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At the start of your career, everything can seem overwhelming. You are missing a lot of experience that your colleagues have. There is a significant chance that you will make mistakes, but your career will go a lot smoother by learning from those who preceded you. But that is not all: Jelle De Vleminck, who has worked at Axxes for three years now, presented a talk at Haxx Digital Edition with tips and tricks for starters to move from Junior to Senior Developer more quickly.
According to Jelle, there are four important themes you must keep in mind: life-long learning, being made responsible for your project, productivity, and understanding the difference between Junior and Senior Engineers.
Anyone who has just left school does not know much yet. Nobody will blame you – especially in an industry in which things change by the day. You could focus completely on the coolest programming language, but it is important to first learn how you can prepare for dealing with change.
Just like in your study programmes, do not focus only on the input, but also on the output. There are three important steps when you learn something new. Reflect by determining what is the essence, implement what you learn in your daily work, and share the knowledge by explaining it to someone else.
But how do you know what to focus on? There are things you know, things of which you know that you do not know them, and things of which you do not even know that you know them. Depending on the phase of your life, the things you will focus on will differ. An Architect can spend more time on a technical portfolio than on technical expertise, for example. He or she will focus on learning more about tools and frameworks without actually learning how to use them.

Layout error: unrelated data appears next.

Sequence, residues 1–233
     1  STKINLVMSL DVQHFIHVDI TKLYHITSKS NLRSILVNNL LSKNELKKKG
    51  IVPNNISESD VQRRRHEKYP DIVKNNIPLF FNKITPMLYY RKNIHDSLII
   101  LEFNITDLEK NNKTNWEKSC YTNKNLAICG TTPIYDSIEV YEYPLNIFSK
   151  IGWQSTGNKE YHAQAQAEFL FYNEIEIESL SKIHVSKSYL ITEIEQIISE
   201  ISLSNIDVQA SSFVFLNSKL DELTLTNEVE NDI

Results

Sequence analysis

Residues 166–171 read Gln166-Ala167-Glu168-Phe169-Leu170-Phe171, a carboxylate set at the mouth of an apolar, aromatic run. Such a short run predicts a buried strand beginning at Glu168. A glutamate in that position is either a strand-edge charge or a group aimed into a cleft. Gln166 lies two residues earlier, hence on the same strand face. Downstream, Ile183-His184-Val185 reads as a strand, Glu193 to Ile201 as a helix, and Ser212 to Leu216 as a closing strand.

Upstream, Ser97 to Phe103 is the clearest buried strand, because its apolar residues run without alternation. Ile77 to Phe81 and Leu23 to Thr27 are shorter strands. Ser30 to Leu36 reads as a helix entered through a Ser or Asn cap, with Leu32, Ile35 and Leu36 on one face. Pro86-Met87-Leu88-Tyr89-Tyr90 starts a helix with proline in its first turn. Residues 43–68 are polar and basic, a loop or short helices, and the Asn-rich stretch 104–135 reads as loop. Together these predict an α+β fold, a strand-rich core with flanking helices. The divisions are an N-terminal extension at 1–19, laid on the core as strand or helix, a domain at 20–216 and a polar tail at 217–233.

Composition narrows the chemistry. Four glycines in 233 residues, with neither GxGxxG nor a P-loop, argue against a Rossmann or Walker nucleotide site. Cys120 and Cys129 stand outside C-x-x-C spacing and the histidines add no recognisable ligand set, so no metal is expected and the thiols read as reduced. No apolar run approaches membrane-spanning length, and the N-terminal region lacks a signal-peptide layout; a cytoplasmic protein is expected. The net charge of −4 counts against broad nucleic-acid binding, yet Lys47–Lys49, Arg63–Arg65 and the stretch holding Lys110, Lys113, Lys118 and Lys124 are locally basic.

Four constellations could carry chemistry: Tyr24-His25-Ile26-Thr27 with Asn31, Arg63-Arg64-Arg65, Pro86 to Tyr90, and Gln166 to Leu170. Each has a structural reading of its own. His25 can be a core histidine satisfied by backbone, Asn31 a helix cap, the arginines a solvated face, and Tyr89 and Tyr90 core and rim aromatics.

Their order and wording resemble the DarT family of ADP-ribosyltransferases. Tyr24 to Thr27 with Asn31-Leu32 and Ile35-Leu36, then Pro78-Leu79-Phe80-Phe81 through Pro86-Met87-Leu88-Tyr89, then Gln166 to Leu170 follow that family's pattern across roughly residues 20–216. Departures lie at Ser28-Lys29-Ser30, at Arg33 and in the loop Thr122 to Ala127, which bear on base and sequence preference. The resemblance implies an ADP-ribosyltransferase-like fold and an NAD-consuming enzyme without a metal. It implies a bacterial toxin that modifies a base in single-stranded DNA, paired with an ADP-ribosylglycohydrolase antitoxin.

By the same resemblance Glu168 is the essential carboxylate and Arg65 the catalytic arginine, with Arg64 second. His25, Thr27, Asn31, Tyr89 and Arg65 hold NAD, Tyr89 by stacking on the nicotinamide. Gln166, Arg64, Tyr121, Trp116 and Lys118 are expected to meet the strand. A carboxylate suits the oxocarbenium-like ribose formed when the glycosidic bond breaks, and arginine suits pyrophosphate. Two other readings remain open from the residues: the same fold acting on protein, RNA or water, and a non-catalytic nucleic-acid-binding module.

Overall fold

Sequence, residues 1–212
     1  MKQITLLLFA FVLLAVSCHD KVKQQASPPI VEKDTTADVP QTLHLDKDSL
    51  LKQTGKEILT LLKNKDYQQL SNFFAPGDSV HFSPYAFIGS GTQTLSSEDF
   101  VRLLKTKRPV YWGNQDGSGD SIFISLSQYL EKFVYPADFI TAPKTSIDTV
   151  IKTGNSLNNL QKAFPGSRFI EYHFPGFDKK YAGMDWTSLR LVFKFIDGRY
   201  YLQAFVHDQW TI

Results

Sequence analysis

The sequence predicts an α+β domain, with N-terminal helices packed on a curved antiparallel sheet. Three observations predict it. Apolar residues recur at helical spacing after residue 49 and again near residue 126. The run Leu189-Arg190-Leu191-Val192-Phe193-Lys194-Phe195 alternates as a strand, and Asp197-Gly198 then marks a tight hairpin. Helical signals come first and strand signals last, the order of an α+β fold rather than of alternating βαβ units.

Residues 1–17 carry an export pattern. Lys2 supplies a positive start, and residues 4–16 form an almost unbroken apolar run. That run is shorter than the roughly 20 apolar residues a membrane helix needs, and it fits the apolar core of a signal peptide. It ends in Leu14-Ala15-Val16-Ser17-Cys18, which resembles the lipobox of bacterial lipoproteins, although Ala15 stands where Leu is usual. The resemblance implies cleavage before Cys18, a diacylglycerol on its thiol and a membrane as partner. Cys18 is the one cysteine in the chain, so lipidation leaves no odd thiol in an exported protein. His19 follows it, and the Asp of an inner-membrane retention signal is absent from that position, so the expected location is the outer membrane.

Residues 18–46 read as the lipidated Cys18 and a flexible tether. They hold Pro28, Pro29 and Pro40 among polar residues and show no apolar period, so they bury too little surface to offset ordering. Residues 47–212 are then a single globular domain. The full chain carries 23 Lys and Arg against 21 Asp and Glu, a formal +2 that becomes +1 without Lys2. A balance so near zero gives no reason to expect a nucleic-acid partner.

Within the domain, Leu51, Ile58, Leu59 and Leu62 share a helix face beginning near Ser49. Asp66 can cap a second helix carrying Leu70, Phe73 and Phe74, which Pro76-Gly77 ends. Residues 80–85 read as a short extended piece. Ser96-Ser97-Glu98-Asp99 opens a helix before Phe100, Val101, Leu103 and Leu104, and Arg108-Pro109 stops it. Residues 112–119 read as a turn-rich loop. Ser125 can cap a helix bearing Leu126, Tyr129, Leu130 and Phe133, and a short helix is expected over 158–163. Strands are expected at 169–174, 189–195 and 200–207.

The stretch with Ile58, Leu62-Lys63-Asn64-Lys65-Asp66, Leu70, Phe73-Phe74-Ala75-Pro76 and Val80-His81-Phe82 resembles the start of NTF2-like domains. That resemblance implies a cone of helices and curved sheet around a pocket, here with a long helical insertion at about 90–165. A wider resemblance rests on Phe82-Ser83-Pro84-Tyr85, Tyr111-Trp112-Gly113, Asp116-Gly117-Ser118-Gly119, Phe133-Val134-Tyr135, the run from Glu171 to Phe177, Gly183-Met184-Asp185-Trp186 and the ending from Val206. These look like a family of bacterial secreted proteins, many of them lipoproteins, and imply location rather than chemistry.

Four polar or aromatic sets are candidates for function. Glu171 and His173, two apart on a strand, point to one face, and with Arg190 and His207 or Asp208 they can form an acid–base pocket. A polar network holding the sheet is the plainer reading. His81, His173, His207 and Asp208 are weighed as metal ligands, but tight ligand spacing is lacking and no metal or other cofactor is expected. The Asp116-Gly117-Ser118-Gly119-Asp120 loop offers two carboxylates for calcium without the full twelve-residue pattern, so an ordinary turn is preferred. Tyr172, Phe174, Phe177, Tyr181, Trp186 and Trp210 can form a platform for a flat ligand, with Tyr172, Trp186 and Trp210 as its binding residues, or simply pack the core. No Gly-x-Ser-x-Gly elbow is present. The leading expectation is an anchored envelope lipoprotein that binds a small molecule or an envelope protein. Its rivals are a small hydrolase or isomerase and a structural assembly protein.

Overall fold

This is not the case if you are a Junior Developer. You will deliberately choose a technology you want to study thoroughly, but must also be realistic. If you ask students what they are interested in, they often respond with IoT or Machine Learning, but there is a great chance that there is a much greater need for more classical matters. You will quickly learn that a developer must compromise often. Make sure that you understand the advantages and disadvantages of each decision to make sure you can later decide what is, and what is not, a good choice.
Another tip to learn quickly: review code written by your colleagues. This not only teaches you technical knowledge about how others handle issues but also tells you a lot about the context of what is happening at the team or company.
When you think about life-long learning, you may think about the certificates offered by parties like Google or Amazon. These are perfect tools for acquiring knowledge. This is because the creator of a product indicates what is important in such a course, and frames it and prepares an exam. You make your goals tangible and maintain your focus by pursuing such a certificate. Perfect!
Being made responsible for your project
During the first few weeks at your new job, you will actually be paid to make your computer developer-ready and learn everything about the company and your team. Your colleagues and manager are not expecting a lot from you during this time, because you will focus on absorbing knowledge. Once you have become comfortable in your position, you can stand out by taking initiative.